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Chapter Two— Palace Hotels and Social Opulence
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Palace Hotels

After the Civil War, new hotels—some of them with only middle-income dining and service—jumped to a size of 500 and 700 rooms. By the 1880s, dozens of hotels in any large city could boast "first-class" amenities; the term had come to mean merely a good hotel rather than a socially exclusive hostelry. To distinguish the one to five most elite hotels in the region, citizens began to speak of palace hotels—hostelries that maintained the pinnacles of price, luxury, fine food, social prominence, and architectural landmark status.[34] The heyday of residential life in palace hotels occurred between 1880 and 1945. In name as well as in experience, the Palace Hotel of San Francisco exemplified the type for the Victorian era. The $5 million hotel opened in 1875 and covered an entire city block. Its two prominent owners—the state's most audacious capitalist and a wealthy U.S. senator—set its social status. It had 755 rooms in seven stories arranged around a large central courtyard with a skylight and two additional very large air wells. For the next thirty years, the Palace reigned as a landmark. Its massive seven-story volume loomed over the city, and its hundreds of bay windows dominated downtown vistas (fig. 2.8).[35]

The sumptuousness of a palace hotel suite was recorded in 1879, when Sala enthusiastically listed the furnishings of his $4-a-day "alcove bedroom" at the 400-room Grand Pacific in Chicago:

Height at least 15 feet; two immense plate-glass windows; beautifully frescoed ceiling; couch, easy chairs, rocking chairs, foot stools in profusion, covered with crimson velvet; large writing table for gentlemen, pretty escritoire for lady; two towering cheval glasses; handsomely carved wardrobe and dressing table; commanding pier-glass over mantelpiece; adjoining bath-room beautifully fitted; rich carpet; and finally the bed, in a deep alcove, impenetrably screened from the visitor's gaze by elegant lace curtains.[36]

Sala concluded that there was no more splendid hotel in the world than the Grand, although he said something similar about almost every pal-


Figure 2.8
San Francisco's Palace Hotel, as seen from the South of Market district, ca. 1890. The hotel, at rear left,
was a Victorian era landmark in every sense of the term.

ace hotel he visited. From 1820 through the 1940s, suites of two or more rooms remained part of the standard plan of all large hotels. Many were typically occupied by permanent guests.[37]

The elegance, comfort, and convenience of palace hotel life relied not only on food and architecture but also on the level of human and mechanical service. Like ocean liners, some palace hotels employed as many as four or five staff for each guest; ratios of one employee to one guest, or three to two, were the minimum for a palace hotel. In 1990, the twenty to thirty most expensive hotels in the United States were still distinguished by lavish hospitality and an extremely high level of personalized service.[38] Only a small fraction of the hotel personnel were publicly visible as clerks, bellboys, elevator operators, or waitresses. The rest worked in what Sinclair Lewis called (in 1935) "the world behind the green baize doors at the ends of the corridors." There one found industrial-scale machinery that could heat and air-condition thousands of rooms, provide instant hot water, and launder thousands of napkins and sheets. There were large shops for upholsterers, carpenters, and plumbers, along with tailors, printers, florists, and a dozen other trades and specialties.[39] Indeed, in any period after 1880, the gen-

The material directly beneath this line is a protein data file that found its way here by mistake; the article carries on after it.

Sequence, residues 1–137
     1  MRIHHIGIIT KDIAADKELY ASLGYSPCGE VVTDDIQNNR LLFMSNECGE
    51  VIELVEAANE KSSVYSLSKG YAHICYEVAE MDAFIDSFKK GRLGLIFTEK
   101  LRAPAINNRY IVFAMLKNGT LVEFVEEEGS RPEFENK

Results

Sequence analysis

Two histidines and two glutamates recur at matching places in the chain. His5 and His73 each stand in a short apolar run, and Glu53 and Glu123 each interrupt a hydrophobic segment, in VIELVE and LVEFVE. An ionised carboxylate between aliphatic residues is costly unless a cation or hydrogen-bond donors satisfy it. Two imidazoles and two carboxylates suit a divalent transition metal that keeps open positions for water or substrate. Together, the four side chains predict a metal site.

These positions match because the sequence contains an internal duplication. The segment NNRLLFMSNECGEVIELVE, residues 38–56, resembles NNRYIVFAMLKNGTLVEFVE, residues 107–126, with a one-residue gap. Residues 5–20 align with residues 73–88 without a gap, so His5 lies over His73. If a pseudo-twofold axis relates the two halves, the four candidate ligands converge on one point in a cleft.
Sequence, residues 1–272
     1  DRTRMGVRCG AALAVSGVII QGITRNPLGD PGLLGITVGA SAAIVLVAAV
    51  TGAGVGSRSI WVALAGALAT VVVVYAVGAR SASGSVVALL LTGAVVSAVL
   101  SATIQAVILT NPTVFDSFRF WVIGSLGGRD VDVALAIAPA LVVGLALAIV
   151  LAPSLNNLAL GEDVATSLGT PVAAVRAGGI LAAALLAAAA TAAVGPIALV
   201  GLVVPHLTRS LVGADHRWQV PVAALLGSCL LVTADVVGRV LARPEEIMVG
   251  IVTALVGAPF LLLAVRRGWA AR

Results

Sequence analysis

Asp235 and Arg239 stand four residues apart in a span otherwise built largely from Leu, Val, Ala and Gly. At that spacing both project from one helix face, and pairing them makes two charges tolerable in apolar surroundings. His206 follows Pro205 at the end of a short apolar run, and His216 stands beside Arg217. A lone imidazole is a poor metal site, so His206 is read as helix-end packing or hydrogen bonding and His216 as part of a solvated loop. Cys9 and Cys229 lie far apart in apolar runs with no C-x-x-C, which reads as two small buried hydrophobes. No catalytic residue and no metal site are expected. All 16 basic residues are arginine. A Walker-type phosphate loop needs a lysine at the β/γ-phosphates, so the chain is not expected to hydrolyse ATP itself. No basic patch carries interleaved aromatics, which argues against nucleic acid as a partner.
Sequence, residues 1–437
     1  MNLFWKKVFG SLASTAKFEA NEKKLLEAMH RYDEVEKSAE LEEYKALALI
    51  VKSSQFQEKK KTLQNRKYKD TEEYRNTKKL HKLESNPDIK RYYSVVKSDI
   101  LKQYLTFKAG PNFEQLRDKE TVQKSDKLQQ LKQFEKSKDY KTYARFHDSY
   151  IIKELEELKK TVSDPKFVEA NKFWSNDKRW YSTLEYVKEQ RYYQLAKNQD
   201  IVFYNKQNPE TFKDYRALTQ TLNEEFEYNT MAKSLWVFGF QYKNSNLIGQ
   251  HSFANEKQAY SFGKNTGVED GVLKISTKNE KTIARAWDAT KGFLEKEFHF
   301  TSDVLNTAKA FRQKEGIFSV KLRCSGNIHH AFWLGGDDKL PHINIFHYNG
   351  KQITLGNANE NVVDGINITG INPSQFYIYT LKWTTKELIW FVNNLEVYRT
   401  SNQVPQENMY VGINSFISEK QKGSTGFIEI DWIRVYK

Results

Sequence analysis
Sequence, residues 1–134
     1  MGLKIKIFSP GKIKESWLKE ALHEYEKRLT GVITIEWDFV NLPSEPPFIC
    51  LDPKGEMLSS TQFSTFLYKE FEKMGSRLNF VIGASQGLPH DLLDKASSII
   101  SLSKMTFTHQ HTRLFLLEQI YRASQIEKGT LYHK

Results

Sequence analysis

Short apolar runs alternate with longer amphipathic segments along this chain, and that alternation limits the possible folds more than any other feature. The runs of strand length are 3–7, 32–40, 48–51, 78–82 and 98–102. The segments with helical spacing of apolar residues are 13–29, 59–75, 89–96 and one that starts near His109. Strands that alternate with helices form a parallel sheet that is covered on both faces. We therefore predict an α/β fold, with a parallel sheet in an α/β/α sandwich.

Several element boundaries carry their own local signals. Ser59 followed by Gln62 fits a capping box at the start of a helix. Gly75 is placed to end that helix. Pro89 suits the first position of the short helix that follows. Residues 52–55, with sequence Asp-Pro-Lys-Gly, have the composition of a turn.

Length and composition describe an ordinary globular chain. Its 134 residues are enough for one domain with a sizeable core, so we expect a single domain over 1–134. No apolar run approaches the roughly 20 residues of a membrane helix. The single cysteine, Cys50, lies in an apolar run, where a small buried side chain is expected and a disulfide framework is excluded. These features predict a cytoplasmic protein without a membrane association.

Figure 2.9
Palace hotel as landmark: the Book Cadillac Hotel in
downtown Detroit. Photographed in 1942.

eral manager of a palace hotel hired, trained, and supervised a staff of thousands. At peak seasons and for special events, the manager routinely employed by the day hundreds of additional helpers.

In 1893, when the owners joined the 10-story Waldorf Hotel and its adjoining 16-story Astoria Hotel to create the original Waldorf-Astoria, they set a 1,000-room pace for the new post-Victorian generation of palace hotels. In 1907, the 18-story Plaza Hotel at the corner of Fifth Avenue and Central Park South easily surpassed the Waldorf-Astoria as New York's leading palace hotel.[40] In the next fifteen years, palace hotels elsewhere—for instance, the Book Cadillac in Detroit and the 500-room Drake Hotel on Chicago's Lake Shore Drive—set sparer architectural styles but changed little else (fig. 2.9). On the upper floors of such hotels a few wealthy families often built 10- to 30-room penthouse suites. A case in point is a 1913 hotel home built by a shipping and lumber baron at the top of San Francisco's St. Francis Hotel. He leased two entire floors, one for his family and one for the servants. The